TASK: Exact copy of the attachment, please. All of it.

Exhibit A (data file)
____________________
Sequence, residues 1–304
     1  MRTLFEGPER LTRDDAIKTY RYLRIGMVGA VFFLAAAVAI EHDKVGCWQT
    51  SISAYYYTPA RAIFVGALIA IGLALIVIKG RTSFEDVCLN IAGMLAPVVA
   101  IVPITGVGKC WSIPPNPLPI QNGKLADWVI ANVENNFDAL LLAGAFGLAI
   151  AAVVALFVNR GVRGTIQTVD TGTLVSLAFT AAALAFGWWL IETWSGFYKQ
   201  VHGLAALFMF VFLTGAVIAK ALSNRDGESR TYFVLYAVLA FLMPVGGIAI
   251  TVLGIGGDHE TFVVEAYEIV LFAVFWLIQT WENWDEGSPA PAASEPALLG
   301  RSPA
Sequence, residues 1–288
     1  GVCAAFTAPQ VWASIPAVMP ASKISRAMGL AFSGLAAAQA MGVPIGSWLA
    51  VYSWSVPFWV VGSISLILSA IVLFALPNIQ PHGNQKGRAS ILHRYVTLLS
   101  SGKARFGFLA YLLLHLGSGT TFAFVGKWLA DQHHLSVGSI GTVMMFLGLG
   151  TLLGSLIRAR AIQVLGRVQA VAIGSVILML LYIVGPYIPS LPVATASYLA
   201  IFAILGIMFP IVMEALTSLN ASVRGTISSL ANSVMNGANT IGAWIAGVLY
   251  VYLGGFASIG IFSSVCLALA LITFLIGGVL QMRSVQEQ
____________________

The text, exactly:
Sequence, residues 1–304
     1  MRTLFEGPER LTRDDAIKTY RYLRIGMVGA VFFLAAAVAI EHDKVGCWQT
    51  SISAYYYTPA RAIFVGALIA IGLALIVIKG RTSFEDVCLN IAGMLAPVVA
   101  IVPITGVGKC WSIPPNPLPI QNGKLADWVI ANVENNFDAL LLAGAFGLAI
   151  AAVVALFVNR GVRGTIQTVD TGTLVSLAFT AAALAFGWWL IETWSGFYKQ
   201  VHGLAALFMF VFLTGAVIAK ALSNRDGESR TYFVLYAVLA FLMPVGGIAI
   251  TVLGIGGDHE TFVVEAYEIV LFAVFWLIQT WENWDEGSPA PAASEPALLG
   301  RSPA
Sequence, residues 1–288
     1  GVCAAFTAPQ VWASIPAVMP ASKISRAMGL AFSGLAAAQA MGVPIGSWLA
    51  VYSWSVPFWV VGSISLILSA IVLFALPNIQ PHGNQKGRAS ILHRYVTLLS
   101  SGKARFGFLA YLLLHLGSGT TFAFVGKWLA DQHHLSVGSI GTVMMFLGLG
   151  TLLGSLIRAR AIQVLGRVQA VAIGSVILML LYIVGPYIPS LPVATASYLA
   201  IFAILGIMFP IVMEALTSLN ASVRGTISSL ANSVMNGANT IGAWIAGVLY
   251  VYLGGFASIG IFSSVCLALA LITFLIGGVL QMRSVQEQ